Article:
Rauch’s big point is that the red/blue culture war analysis of the current stste of American political life is overdrawn. The truth, he argues, is closer to what Alan Wolfe says he finds in One Nation, After All:
In 1998 Alan Wolfe, a sociologist at Boston College, said yes. For his book One Nation, After All, Wolfe studied eight suburban communities. He found a battle over values, but it was fought not so much between groups as within individuals: "The two sides presumed to be fighting the culture war do not so much represent a divide between one group of Americans and another as a divide between sets of values important to everyone." Intellectuals and partisans may line up at the extremes, but ordinary people mix and match values from competing menus. Wolfe found his subjects to be "above all moderate," "reluctant to pass judgment," and "tolerant to a fault." Because opinion polls are designed to elicit and categorize disagreements, he concluded, they tend to obscure and even distort this reality.
Along with political scientist Morris Fiorina, Rauch and Wolfe both seem to take comfort in the perception that most Americans are "in the middle":
Red-state residents and blue-state residents agreed on one other point: most of them regarded themselves as centrists. Blue residents tipped toward describing themselves as liberal, and red residents tipped toward seeing themselves as conservative; but, Fiorina writes, "the distributions of self-placements in the red and blue states are very similarâ€”both are centered over the ’moderate’ or ’middle-of-the-road’ position, whether we consider all residents or just voters." By the same token, people in both sets of states agreed, by very similar margins, that the Democratic Party was to their left and the Republican Party to their right. "In both red and blue states," Fiorina concludes, "a solid majority of voters see themselves as positioned between two relatively extreme parties."
The perception of the culture war comes, then, not from "facts on the ground" (most of us and most places are some shade of purple), but rather from the polarization of American politicians and political parties. Here Rauch rehearses the rather familiar story of the unintended consequences of reform, which has led both to candidate-centered politics conducted by professional politicians and to political parties closer to "ideological clubs" than to loose coalitions of regional interests. The computer-assisted practice of redistricting has further produced districts that are for the most part essentially "safe" for one party or the other, reducing the incentive to compromise. Even if they are careerists rather than ideologues, our politicians have little need to move toward the center of the political spectrum, which is where Rauch, and many of the social and political scientists he cites, argue the voters are.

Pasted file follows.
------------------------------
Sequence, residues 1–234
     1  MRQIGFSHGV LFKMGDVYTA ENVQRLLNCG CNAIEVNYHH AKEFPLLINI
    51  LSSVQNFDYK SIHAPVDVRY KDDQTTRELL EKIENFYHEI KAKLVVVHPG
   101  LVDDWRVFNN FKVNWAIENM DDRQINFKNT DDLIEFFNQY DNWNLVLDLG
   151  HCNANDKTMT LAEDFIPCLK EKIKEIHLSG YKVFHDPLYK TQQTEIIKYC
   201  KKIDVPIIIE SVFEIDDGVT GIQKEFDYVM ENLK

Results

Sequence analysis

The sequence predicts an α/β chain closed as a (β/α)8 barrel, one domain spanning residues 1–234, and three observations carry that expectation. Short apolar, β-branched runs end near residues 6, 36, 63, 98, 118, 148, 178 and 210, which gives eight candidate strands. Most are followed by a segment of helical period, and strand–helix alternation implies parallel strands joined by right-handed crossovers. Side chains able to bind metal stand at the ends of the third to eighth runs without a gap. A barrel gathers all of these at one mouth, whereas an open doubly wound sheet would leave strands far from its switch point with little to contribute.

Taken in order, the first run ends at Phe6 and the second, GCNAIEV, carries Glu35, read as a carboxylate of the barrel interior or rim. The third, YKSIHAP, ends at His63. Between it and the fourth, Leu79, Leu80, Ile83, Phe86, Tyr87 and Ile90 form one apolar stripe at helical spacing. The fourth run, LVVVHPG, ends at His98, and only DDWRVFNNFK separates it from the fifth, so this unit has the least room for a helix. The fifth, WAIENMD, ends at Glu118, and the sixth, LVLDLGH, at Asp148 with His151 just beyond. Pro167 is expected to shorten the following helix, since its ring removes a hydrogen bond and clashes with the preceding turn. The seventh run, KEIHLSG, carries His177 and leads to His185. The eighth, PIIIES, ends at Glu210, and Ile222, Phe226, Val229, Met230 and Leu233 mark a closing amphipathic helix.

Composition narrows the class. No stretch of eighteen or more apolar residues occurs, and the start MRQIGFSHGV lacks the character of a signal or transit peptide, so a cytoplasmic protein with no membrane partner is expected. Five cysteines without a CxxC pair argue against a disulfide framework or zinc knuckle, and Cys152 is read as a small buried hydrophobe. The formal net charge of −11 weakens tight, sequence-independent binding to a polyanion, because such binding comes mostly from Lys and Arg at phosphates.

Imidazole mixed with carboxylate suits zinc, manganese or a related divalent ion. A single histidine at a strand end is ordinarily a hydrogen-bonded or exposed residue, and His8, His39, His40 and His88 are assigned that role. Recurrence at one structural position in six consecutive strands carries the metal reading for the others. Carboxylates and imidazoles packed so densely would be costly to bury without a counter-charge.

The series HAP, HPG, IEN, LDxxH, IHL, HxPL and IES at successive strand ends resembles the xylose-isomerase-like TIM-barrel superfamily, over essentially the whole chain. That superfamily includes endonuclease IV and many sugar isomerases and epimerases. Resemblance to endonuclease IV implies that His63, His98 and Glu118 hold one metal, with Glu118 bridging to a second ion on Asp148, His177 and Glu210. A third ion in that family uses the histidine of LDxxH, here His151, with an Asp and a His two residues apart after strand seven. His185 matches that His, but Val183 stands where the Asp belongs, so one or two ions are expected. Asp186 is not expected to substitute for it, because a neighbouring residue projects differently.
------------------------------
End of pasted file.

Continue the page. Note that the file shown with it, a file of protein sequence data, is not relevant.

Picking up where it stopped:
But he ends up putting a somewhat happy face on this: if anyone is discontented, better it should be the moderates than the extremists, who have been coopted by their presence in political parties:
On balance it is probably healthier if religious conservatives are inside the political system than if they operate as insurgents and provocateurs on the outside. Better they should write anti-abortion planks into the Republican platform than bomb abortion clinics. The same is true of the left. The clashes over civil rights and Vietnam turned into street warfare partly because activists were locked out by their own party establishments and had to fight, literally, to be heard. When Michael Moore receives a hero’s welcome at the Democratic National Convention, we moderates grumble; but if the parties engage fierce activists while marginalizing tame centrists, that is probably better for the social peace than the other way around.
I’m suspicious of the Rauch/Wolfe/Fiorina line of argument, not because I don’t think that it is an apt description of the current state of much of American public opinion, but because I’m not confident of its stability. Here’s why. What Rauch calls moderation, I’m tempted to call confusion. We Americans are not notably deep thinkers, which some have celebrated as a good thing. (I recall Irving Kristol making such an argument in
Two Cheers for Capitalism.) When we mix and match our political opinions from the menus offered by political parties and public intellectuals, we sometimes choose opinions that are ultimately inconsistent with one another. "A house divided against itself cannot stand," someone once said. (I’m being cute here, not ignorant.) If "our" moderation is in fact the confused holding of ultimately contradictory opinions, then sooner or later one or another tendency is likely to prevail. (This outcome was indeed the hope of those liberal rationalists who availed themselves of religious language. They hoped to transform religion into an instrument of liberal rationalism, which seems to have been the fate of some of the mainline denominations.) Our current "moderation," in other words, may be a harbinger of a deeper immoderation down the road.
To state my point one last way: it isn’t clear to me that our moderation is either a moderation of principle or a moderation of non-ideological common sense. The latter two are at least potentially stable. A moderation born of confusion and ad hoc choices is not. Because our moderation is, I think, unstable and because I fear the gravitational pull of one of its elements, I’ll continue to put my shoulder to the wheel on one side, hoping in the end to lay the foundation for something more closely resembling a moderation of principle or common sense.